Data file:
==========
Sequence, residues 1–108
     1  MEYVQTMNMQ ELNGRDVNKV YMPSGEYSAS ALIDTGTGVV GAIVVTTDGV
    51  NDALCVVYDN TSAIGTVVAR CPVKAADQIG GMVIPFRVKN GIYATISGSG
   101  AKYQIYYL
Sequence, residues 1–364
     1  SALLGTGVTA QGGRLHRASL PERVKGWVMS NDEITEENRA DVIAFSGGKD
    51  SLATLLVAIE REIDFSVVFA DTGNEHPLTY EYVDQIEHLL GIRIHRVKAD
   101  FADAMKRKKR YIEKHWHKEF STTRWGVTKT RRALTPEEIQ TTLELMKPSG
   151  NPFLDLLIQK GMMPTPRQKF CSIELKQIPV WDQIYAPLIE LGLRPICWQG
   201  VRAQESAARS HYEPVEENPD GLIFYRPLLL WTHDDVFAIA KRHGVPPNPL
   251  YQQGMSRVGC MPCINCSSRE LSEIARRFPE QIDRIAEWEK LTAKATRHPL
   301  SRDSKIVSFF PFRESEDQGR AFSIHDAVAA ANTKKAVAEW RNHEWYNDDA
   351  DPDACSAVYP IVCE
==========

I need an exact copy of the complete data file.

Sequence, residues 1–108
     1  MEYVQTMNMQ ELNGRDVNKV YMPSGEYSAS ALIDTGTGVV GAIVVTTDGV
    51  NDALCVVYDN TSAIGTVVAR CPVKAADQIG GMVIPFRVKN GIYATISGSG
   101  AKYQIYYL
Sequence, residues 1–364
     1  SALLGTGVTA QGGRLHRASL PERVKGWVMS NDEITEENRA DVIAFSGGKD
    51  SLATLLVAIE REIDFSVVFA DTGNEHPLTY EYVDQIEHLL GIRIHRVKAD
   101  FADAMKRKKR YIEKHWHKEF STTRWGVTKT RRALTPEEIQ TTLELMKPSG
   151  NPFLDLLIQK GMMPTPRQKF CSIELKQIPV WDQIYAPLIE LGLRPICWQG
   201  VRAQESAARS HYEPVEENPD GLIFYRPLLL WTHDDVFAIA KRHGVPPNPL
   251  YQQGMSRVGC MPCINCSSRE LSEIARRFPE QIDRIAEWEK LTAKATRHPL
   301  SRDSKIVSFF PFRESEDQGR AFSIHDAVAA ANTKKAVAEW RNHEWYNDDA
   351  DPDACSAVYP IVCE